Metropolitan News-Enterprise


Tuesday, May 23, 2023


Page 10


In My Opinion

State Bar Says It Is Dedicating Itself to Spreading Truth. But Is It?


By Kristian Whitten


(The writer is a retired California deputy attorney general and member of the UC Hastings Class of 1973.)


Since my last report on April 6, this newspaper has reported on further fallout from State Bar employees being corrupted by now-disbarred celebrity lawyer Thomas V. Girardi, including that State Bar Board of Trustees Chair Ruben Duran has been quoted as saying that the State Bar investigates possible misconduct wherever it might occur, saying:

“The status of attorneys, or the size of their practice, cannot and will not impact our decision to investigate misconduct.”

This followed the March 22 letter from California Supreme Court Executive Officer Jorge E. Navarrete to the executive director of the State Bar, Leah Wilson, directing that amendments to California Rules of Court 9.11 and 9.90 be considered and drafted so as to better assess actual and potential conflicts of interest of each candidate for the State Bar Court and State Bar Board of Trustees.

To this directive, Wilson responded with a statement that the State Bar welcomes such changes, saying: “Collectively, these actions will help us improve public trust in the integrity of the state bar.”

On April 19, Navarrete also directed the State Bar to submit a draft of an updated ethics code for its Board of Trustees by Aug. 1, and to develop policies for when and how often the trustees should be trained on conflicts of interest.

However, there has been no similar investigation at the State Bar into, or even any apparent ongoing interest in its summary decision to change the information on its public website about all of us graduates of the former Hastings College of the Law to say that we graduated from “UC College of the Law, San Francisco.”

After numerous UC Hastings alumni complained, the State Bar changed the listings back to indicate we graduated from UC Hastings, explaining that “[o]ur practice has been to include the name of the law school at the time an attorney graduated.”

But a few days later, after this newspaper spotlighted the issue on March 10, our law school alma mater was again listed as UC College of the Law, San Francisco.

The State Bar has admitted that it has no written policy on how to handle law school name changes, but says that the State Bar staff intends to submit a proposal on the subject for approval of its trustees later this year.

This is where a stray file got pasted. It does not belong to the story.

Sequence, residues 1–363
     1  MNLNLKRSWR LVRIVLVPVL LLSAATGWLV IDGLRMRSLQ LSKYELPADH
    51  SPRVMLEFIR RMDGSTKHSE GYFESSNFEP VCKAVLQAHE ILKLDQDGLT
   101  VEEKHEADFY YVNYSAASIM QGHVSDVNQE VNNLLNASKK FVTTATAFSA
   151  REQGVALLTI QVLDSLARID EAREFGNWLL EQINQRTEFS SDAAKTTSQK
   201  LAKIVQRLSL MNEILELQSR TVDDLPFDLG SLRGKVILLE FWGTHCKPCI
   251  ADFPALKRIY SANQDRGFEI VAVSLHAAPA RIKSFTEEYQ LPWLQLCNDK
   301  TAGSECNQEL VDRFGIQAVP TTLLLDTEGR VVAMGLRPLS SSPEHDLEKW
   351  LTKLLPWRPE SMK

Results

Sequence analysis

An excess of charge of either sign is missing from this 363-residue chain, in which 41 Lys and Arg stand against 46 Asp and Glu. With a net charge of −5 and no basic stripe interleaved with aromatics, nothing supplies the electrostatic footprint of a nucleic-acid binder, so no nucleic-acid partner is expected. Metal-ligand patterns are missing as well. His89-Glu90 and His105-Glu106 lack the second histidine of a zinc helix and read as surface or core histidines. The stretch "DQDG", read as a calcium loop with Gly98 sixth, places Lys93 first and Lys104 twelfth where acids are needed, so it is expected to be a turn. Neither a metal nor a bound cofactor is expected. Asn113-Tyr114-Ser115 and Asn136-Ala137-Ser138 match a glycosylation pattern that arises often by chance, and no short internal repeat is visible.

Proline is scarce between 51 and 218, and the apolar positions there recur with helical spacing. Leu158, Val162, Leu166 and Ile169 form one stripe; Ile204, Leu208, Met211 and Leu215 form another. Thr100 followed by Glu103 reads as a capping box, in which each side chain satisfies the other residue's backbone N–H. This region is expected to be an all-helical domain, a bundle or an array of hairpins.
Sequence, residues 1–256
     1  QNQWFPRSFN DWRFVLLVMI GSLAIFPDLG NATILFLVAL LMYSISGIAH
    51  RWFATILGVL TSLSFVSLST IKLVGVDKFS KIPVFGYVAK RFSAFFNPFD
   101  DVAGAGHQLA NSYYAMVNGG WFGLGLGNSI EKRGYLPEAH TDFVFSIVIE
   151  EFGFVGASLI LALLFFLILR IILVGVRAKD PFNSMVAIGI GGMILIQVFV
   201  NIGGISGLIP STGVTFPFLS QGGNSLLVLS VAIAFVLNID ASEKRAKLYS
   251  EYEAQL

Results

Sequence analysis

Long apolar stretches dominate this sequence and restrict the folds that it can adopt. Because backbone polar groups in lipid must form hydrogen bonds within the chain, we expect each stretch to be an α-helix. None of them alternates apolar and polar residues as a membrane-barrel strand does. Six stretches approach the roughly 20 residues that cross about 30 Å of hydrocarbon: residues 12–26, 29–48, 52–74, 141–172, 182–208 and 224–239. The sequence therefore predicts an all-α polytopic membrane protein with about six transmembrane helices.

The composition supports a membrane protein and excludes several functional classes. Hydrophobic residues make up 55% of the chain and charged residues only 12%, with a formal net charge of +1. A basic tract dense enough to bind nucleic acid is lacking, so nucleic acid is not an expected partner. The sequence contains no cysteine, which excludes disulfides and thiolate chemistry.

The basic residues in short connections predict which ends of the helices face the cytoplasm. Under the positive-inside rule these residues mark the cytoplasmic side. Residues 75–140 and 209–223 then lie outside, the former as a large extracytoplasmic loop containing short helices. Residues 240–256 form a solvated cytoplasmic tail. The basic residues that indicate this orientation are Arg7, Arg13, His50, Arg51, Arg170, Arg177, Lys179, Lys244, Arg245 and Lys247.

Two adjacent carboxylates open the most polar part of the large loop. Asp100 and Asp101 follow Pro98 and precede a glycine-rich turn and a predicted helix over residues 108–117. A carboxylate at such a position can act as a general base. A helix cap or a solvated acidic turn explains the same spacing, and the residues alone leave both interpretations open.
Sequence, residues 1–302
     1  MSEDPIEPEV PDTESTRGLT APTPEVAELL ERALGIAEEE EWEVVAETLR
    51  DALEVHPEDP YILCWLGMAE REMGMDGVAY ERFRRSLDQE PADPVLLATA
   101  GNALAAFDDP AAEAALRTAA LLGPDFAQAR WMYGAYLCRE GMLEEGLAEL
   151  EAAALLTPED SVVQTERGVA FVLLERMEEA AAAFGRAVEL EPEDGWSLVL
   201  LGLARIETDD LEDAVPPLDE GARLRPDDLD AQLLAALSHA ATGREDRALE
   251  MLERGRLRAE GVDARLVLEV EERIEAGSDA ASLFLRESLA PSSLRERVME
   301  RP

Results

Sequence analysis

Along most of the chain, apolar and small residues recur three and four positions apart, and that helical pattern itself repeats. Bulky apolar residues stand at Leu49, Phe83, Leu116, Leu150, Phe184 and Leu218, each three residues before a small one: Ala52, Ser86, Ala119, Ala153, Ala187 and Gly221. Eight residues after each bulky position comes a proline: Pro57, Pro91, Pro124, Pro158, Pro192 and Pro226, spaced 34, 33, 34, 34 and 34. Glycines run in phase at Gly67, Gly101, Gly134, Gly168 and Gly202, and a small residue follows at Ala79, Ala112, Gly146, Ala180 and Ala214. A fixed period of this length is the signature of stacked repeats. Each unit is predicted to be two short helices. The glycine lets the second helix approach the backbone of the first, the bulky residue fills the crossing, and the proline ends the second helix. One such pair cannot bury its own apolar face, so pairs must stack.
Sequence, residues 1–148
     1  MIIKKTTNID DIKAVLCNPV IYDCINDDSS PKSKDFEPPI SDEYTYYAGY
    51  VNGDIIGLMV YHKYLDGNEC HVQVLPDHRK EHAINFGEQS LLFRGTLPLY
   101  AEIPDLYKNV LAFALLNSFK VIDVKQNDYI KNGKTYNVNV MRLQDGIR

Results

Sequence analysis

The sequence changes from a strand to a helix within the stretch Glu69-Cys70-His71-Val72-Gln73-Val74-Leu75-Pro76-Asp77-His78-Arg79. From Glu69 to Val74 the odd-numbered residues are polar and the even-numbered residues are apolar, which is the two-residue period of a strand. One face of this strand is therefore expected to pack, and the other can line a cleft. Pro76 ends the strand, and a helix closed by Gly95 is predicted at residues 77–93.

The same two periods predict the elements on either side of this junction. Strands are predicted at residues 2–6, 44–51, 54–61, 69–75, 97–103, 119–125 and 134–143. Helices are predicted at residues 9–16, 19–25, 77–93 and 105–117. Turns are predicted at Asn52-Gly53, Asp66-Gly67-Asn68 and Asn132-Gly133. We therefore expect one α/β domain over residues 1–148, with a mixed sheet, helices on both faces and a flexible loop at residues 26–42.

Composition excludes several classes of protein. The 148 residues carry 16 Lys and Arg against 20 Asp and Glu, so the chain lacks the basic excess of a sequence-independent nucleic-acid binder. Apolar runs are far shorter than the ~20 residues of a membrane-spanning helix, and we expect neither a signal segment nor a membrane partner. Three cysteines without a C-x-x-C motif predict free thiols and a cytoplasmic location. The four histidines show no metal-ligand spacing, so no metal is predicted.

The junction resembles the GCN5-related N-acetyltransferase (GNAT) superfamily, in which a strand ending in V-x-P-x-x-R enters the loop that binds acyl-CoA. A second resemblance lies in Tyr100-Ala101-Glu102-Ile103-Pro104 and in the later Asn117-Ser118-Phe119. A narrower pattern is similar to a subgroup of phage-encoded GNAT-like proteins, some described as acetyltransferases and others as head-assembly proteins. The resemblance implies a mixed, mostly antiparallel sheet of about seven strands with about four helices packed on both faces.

Retired Contra Costa Superior Court Judge Richard Flier (UC Hastings Class of 1971) was told on the phone by a State Bar employee that the initial change in the State Bar’s listing to UC College of the Law, San Francisco, was ordered by the California Supreme Court. Did that also come from Navarrete? A request to the California Lawyers Association’s Litigation Section for help in uncovering the truth about how all this has come about remains unanswered.

Questions have been raised about the possibility of influence being used by powerful alumni instrumental in the school’s name change, which passed  the Legislature and was signed by the governor last September, like Joseph Cotchett (UC Hastings Class of 1964), former Assembly Speaker and San Francisco Mayor Willie Brown (UC Hastings Class of 1958), Sen. Thomas Umberg (UC Hastings Class of 1980), and former Assembly Speaker and Senate Majority Leader Robert Hertzberg (UC Hastings Class of 1979).

Each of them still advertises himself as a graduate of Hastings College of the Law. Most, if not all, of the rest of us also have media in circulation which lists our law school alma mater as UC Hastings. And the constitutionality of the name change is the subject of ongoing litigation.

Of course, that litigation is itself incentive for those supporting and promoting the name change to see that it is implemented whenever and wherever possible.

No one who has graduated from UC College of the Law, San Francisco has yet taken the California Bar, and the law enacting the name change (AB 1936) does not clearly indicate that it is meant to be retroactive. See generally City of Emeryville v. Cohen (2015) 233 Cal.App.4th 293, 308.

Therefore, listing us as having graduated from UC College of the Law, San Francisco is not the kind of accurate information that the State Bar is supposed to have posted about its members on its public website; and certainly not before its trustees have had a chance to fully consider the issue.


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